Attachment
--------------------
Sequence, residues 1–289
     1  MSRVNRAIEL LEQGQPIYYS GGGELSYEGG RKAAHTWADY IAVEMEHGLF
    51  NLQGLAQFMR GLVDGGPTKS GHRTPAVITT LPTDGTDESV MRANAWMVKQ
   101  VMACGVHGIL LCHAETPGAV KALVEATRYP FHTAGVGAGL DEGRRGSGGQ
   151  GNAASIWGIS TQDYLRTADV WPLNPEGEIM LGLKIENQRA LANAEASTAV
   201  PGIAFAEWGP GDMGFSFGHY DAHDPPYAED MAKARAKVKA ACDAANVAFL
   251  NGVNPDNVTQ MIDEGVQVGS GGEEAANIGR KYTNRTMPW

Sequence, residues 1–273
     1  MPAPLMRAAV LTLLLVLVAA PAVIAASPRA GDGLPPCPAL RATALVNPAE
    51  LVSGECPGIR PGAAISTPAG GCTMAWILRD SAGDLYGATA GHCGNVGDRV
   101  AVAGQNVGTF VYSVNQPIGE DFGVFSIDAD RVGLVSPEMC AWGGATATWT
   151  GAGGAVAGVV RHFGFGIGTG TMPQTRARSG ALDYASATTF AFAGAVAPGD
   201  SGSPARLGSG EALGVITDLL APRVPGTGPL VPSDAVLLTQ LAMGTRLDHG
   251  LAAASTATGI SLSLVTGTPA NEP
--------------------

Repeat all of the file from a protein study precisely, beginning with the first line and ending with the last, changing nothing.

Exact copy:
Sequence, residues 1–289
     1  MSRVNRAIEL LEQGQPIYYS GGGELSYEGG RKAAHTWADY IAVEMEHGLF
    51  NLQGLAQFMR GLVDGGPTKS GHRTPAVITT LPTDGTDESV MRANAWMVKQ
   101  VMACGVHGIL LCHAETPGAV KALVEATRYP FHTAGVGAGL DEGRRGSGGQ
   151  GNAASIWGIS TQDYLRTADV WPLNPEGEIM LGLKIENQRA LANAEASTAV
   201  PGIAFAEWGP GDMGFSFGHY DAHDPPYAED MAKARAKVKA ACDAANVAFL
   251  NGVNPDNVTQ MIDEGVQVGS GGEEAANIGR KYTNRTMPW

Sequence, residues 1–273
     1  MPAPLMRAAV LTLLLVLVAA PAVIAASPRA GDGLPPCPAL RATALVNPAE
    51  LVSGECPGIR PGAAISTPAG GCTMAWILRD SAGDLYGATA GHCGNVGDRV
   101  AVAGQNVGTF VYSVNQPIGE DFGVFSIDAD RVGLVSPEMC AWGGATATWT
   151  GAGGAVAGVV RHFGFGIGTG TMPQTRARSG ALDYASATTF AFAGAVAPGD
   201  SGSPARLGSG EALGVITDLL APRVPGTGPL VPSDAVLLTQ LAMGTRLDHG
   251  LAAASTATGI SLSLVTGTPA NEP